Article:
Tuesday, September 29, 2009

Another First - or - That's What You Get For Thinkin'

Pedaling in to work recently, possibly even today, I happily reflected that having biked most days since early July (and having spent unholy sums getting my bike more ride-able), I have been quite fortunate that I have not had a flat.

Today I thought I might bike the several blocks (or maybe a Biblical few) from work to my class at the Sacramento City College Downtown Center and perhaps gain a couple of minutes study time.  Hmmm, I wondered - are the minutes taken locking and unlocking worth the minutes saved biking rather than walking.  Yes,  I'll bike!  Unlocked the bike, made my usual 'graceful' mount, and started pedaling.  Something didn't feel right.  A glance down revealed the answer, which you already know.  My tire was flat.  Which meant that I spent the time unlocking and locking and STILL had to walk to class.  I was not late, but I didn't study either.

Which also meant that after work (after working a half hour later than usual because the deal with the State and the class is half my time and half the State's time) I got to change my tire. (Front tire, fortunately.)  For the very first time!  Despite having had a bike shop guy "teach" me how to change a tire and having watched Joseph change my tire (with amazing speed and strength) explaining to me as he did so, and having the requisite items in my bike bag, I approached this task with images of me sitting in the gathering gloom of downtown dusk weeping amidst scattered bike parts.  Nothing like positive imaging, eh? 

Actually, it went quite well.  I had found "How to change a bicycle tire" on-line and printed it up (10 pages with pictures) to help guide me.   And I did it. The whole thing.  ok, at the very last, some guy biking in to work as I finished pumping up the tire hung around to make sure I got the wheel back on ok and reminded me about the easy brake release so I didn't let the air back out of my tire to get it past the brakes.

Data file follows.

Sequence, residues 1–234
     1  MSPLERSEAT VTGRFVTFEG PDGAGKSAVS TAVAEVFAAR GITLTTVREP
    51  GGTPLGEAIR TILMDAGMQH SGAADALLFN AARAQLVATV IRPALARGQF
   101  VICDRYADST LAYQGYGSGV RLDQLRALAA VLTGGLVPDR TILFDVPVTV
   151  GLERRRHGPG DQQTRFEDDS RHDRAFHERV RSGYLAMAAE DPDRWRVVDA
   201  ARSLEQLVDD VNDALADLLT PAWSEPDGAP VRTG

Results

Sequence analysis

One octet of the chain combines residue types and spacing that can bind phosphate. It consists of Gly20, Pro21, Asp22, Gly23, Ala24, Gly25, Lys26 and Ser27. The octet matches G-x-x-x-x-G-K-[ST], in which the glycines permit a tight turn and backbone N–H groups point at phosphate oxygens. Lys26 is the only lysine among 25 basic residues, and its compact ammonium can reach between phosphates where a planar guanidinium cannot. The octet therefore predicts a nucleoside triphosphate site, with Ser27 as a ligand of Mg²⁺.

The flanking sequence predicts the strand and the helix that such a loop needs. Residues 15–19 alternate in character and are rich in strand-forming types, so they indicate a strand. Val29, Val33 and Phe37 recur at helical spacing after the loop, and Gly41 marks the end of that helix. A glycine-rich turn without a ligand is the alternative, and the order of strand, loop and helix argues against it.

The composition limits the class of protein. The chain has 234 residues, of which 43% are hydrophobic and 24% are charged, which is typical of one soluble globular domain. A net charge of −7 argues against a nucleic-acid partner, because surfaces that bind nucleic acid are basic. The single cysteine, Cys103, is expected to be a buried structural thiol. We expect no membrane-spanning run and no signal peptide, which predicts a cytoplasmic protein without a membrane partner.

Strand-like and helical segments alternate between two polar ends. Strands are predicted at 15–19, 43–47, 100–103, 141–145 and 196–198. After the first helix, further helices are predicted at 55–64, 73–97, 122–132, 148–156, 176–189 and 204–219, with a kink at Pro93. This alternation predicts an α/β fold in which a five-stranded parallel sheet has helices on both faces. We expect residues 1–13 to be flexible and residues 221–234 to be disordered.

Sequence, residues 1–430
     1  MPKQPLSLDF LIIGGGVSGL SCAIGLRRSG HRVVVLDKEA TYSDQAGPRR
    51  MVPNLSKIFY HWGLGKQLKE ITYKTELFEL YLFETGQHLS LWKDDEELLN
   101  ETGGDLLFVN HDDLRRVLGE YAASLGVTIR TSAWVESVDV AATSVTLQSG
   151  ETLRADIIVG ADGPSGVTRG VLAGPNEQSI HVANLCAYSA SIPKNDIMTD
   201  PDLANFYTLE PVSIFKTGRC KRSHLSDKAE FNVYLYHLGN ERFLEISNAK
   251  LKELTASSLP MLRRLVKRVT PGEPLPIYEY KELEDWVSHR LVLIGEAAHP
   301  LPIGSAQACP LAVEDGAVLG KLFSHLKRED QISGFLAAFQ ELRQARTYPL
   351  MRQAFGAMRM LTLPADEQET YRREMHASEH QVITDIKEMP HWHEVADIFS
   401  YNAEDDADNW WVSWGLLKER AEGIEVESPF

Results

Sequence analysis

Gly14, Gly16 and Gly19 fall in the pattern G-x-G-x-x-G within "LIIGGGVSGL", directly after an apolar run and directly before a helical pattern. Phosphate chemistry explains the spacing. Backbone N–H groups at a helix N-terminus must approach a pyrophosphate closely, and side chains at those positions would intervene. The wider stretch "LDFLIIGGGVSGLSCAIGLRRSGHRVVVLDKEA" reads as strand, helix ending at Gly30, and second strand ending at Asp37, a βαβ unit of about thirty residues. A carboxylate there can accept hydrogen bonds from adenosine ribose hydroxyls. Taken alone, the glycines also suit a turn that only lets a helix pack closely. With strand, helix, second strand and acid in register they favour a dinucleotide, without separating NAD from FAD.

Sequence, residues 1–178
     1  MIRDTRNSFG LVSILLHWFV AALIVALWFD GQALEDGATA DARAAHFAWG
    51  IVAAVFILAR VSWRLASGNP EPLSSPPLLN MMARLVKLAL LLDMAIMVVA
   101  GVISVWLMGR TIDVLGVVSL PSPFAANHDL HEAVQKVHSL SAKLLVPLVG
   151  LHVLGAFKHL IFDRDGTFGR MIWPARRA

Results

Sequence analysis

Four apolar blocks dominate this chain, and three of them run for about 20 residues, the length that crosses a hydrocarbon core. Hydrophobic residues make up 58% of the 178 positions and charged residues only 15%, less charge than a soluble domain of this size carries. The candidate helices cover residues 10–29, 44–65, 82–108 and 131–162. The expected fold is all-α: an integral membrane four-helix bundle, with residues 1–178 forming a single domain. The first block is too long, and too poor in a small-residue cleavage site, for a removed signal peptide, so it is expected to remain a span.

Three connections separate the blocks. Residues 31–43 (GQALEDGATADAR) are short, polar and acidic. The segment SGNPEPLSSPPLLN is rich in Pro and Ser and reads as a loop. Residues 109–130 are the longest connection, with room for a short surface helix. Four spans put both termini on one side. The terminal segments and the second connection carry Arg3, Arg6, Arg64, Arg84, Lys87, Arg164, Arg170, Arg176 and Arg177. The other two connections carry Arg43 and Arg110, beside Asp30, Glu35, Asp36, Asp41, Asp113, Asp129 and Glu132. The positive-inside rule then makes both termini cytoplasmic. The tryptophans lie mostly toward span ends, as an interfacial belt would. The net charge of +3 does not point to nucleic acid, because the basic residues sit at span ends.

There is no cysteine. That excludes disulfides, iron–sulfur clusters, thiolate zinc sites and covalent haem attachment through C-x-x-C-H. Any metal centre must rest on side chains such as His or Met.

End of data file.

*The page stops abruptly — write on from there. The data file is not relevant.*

But I did it.  And it got me home.  Rode pretty well (i.e. soothly) - better than the ride in, come to think of it. 

Once home, I got out our pump with a gauge on it and was pleasantly surprised to find that I had gotten it to over 75 lbs.  Not bad!  My tires take 75 or 80  - to 100 lbs.  I am afraid to go all the way to 100 lest when I heave my bulk upon the saddle the back tire will burst, but I like to get it up well past 90.  Faster, smoother ride.  And I find that deuced difficult, I tell you.  Did you know that bike tires need to be pumped up at least once a week because rubber is not actually air tight?  More exercise than the biking itself and less fun.

Despite my amazing pumping job and Benjamin's still more amazing topping it off all the way to 100 -  maybe a little more -  when we told him my range, he let some air out.  Then he discovered the joys of cool compressed air and let a lot of air out.  Which was ok, because despite my amazing pumping accomplishment, Joseph and I decided it would be a good idea to take the whole thing apart again, because I had not been able to determine the cause of the flat.  Benjamin found the leak in the tube.  On the wheel side.  A spoke poke? Joseph thinks not , as it is smaller than a spoke and round.  (Spoke ends are not round?)  Also, I had and he did again check the rim tape which appeared to be fine.  Still not knowing why the flat, we put the wheel back together and back on my bike.  (Good luck tomorrow)

Then we put my recently purchased lights on, because it is getting to be that time of  year and I was not sure I would make it home before darkishness set in.  Images of a flat Mama whose affairs are not in order ( a rather large non-flat if you know what I mean flat Mama) - not pretty!  Or being pulled over and ticketed for riding without lights and being told I had to walk my bike home.  Unpleasant thoughts, which fortunately also did not materialize.

Dinner was late. (But it was good!) Now I am late to bed.  Wishing you all peaceful rest after happy and productive days.

First Fruit

Today, I ate an apple off our little baby apple tree which we planted a couple(?) of years ago.  A Golden Delicious.  The tree is a multi - I think it will have Grannies and Fujis (if we don't kill it with our ignorance and neglect.)  I wondered how good the apple would be as it has languished in the fridge for a week or two (the primary apple eater(s) holding out for a Granny or a Fuji), but it was very good indeed.  When I was a kid, Golden Delicious was my favorite.  But they must be crisp.  I think I started preferring Grannies and Fujis when I started eating them with sharp cheese.  It seems I prefer not to eat a tart apple by itself.  A good Golden is delicious by itself, as this one reminded me.  hmmmmm.  I think there is another one in the fridge.  Tomorrow!

A Graduate